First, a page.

The postoperative outcome was free of any neurological or cardiac event. The pre-discharge echo showed a mean gradient of the aortic bioprothesis at 5 mmHg, without aortic regurgitation or paravalvular leak. The patient was discharged at home on Day 7 PO. At 8-month follow-up the patient is going well; the echo data were unchanged and an unenhanced CT scan demonstrated a stable aortic arch lesion well covered by the endograft.

3. Discussion

The association of TAVI and TEVAR procedures is always challenging and the different options have to be discussed by the heart team.

In this reported case, a transaortic TAVI procedure was one option, followed by the debranching of the supra- aortic vessels through the same aortic site, with in a second step, a transfemoral TEVAR procedure to cover the aortic arch aneurysm. However, we found this sequence too tricky regarding the aortic entry point which would be localised either at the usual place of the introduction of the delivery catheter for TAVI but too distal for the debranching stage, or in the middle of ascending aorta, well adapted for debranching but too close to the aortic valve in the deployment of the Sapien prosthesis. The possibility to use two aortic sites was not considered according to the predictable frailty of the ascending aorta.

Our choice was an isolated debranching of the supra-aortic vessels first and then a transfemoral TAVI procedure followed by a TEVAR on the way. The rational thinking to use this chronology was to avoid the aortic valve prosthesis to get stuck into the endograft considering the aortic arch’s curve. This strategy was proved false and a TEVAR procedure first was necessary to provide a good support to perform the crossing of the native aortic valve by the Edwards Retroflex delivery system.

Figure 2. Angiography at the end of the procedure. The proximal Sapien prosthesis is in anatomical position without residual aortic regurgitation or paravalvular leak. The aortic arch aneurysm is well covered by the endograft without endoleak. The debranching and supra-aortic vessels are well perfused. The distal Sapien pros- thesis is anchored in the distal descending aorta.

Another option could had been to perform independently a transapical TAVI and a TEVAR. This strategy needs multiple surgical approaches but it had made the procedures easier. It would have been our last option if the second transfemoral TAVI procedure was not successful.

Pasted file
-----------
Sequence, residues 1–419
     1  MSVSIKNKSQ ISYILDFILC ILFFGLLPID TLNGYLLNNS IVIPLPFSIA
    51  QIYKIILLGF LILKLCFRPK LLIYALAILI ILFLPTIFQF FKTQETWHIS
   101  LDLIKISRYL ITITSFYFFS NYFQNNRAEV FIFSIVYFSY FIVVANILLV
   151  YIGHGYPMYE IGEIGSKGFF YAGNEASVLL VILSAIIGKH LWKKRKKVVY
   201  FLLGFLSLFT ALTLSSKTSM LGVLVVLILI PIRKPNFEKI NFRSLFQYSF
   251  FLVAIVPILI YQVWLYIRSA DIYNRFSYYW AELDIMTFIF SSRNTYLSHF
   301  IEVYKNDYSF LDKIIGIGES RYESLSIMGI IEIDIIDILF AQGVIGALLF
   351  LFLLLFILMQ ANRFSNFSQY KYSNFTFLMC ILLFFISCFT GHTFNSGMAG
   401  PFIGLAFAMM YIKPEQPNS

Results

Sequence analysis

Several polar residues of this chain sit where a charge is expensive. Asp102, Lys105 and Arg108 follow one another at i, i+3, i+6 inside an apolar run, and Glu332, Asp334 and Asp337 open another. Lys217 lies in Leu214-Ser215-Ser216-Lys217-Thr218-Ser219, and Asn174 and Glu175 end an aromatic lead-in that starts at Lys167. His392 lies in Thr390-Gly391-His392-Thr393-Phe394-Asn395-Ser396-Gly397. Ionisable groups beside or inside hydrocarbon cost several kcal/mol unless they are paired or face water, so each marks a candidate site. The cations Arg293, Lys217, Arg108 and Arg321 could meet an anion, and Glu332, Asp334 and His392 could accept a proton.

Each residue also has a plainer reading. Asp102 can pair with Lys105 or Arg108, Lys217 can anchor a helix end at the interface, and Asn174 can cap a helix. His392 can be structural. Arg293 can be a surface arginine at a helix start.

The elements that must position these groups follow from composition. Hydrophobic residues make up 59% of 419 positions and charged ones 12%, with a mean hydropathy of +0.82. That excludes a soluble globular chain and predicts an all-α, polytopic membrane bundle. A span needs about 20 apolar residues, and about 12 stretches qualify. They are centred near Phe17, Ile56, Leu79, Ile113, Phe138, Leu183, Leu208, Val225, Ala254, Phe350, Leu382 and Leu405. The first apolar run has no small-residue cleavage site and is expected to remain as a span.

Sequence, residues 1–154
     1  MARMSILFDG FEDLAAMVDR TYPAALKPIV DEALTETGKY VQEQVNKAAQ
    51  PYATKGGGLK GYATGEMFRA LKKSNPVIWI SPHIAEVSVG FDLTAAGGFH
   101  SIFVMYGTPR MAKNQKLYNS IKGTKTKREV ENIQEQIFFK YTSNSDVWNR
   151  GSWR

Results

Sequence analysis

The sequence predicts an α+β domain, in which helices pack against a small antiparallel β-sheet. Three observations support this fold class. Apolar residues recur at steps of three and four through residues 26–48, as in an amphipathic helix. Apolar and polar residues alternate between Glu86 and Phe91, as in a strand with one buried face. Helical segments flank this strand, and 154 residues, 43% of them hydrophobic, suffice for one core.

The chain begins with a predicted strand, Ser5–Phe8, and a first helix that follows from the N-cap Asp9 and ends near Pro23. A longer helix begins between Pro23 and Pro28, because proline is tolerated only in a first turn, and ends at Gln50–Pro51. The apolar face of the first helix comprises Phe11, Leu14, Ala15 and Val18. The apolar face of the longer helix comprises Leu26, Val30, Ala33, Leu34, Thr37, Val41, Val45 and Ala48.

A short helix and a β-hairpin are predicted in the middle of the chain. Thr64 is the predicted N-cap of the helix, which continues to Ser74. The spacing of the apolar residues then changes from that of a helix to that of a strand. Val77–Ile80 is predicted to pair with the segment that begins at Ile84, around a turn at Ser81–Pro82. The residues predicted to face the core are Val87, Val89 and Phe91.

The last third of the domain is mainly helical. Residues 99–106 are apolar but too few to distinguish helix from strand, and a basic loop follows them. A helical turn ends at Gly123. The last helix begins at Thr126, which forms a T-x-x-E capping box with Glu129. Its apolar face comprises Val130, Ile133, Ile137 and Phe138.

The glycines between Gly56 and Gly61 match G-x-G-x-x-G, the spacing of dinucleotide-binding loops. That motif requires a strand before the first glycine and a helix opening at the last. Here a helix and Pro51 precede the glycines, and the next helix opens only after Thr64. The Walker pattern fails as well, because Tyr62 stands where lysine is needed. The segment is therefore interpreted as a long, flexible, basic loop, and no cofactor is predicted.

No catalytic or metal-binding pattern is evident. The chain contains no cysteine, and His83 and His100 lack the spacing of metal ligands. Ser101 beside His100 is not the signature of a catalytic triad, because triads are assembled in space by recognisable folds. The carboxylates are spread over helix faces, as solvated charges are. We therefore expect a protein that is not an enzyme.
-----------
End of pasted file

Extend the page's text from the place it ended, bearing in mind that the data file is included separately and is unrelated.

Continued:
In our knowledge, no case of combined TAVI and aortic arch aneurysm endovascular treatment has been previously reported. As well as it has been described in TAVI procedures associated with TEVAR for thoracic descending or abdominal aortic aneurysm [2] -[4] , and considering our experience, the femoral approach remains optimal and we advise to perform the aortic arch aneurysm exclusion first in order to facilitate the ascent of the TAVI delivery catheter. The low rates of stroke, vascular complications, paravalvular regurgitation and mor- tality associated with transfemoral delivery of the SAPIEN 3 (Edwards Lifesciences Inc., Irvine, California) aortic valve prosthesis confirm the accuracy of such a strategy; more, the new low-profile delivery system of the Sapien 3, could make easier the positioning of the aortic valve in such difficult anatomic situation [5] . However, simultaneous transaortic TAVI and debranching before TEVAR may be an alternative if the length of the ascending aorta is favourable.

4. Conclusion

The association of TAVI and TEVAR procedures is always challenging. Regardless the localisation of the aortic aneurysm, the femoral approach for simultaneous procedures is optimal and the sequential strategy with TEVAR first, must pave the way to the aortic valve for a safe TAVI procedure at the end. In case of aortic arch aneurysm, a transaortic TAVI associated with the debranching of supra-aortic vessels and then followed by a TEVAR procedure, may be an alternative strategy.


*Corresponding author.

Conflicts of Interest

The authors declare no conflicts of interest.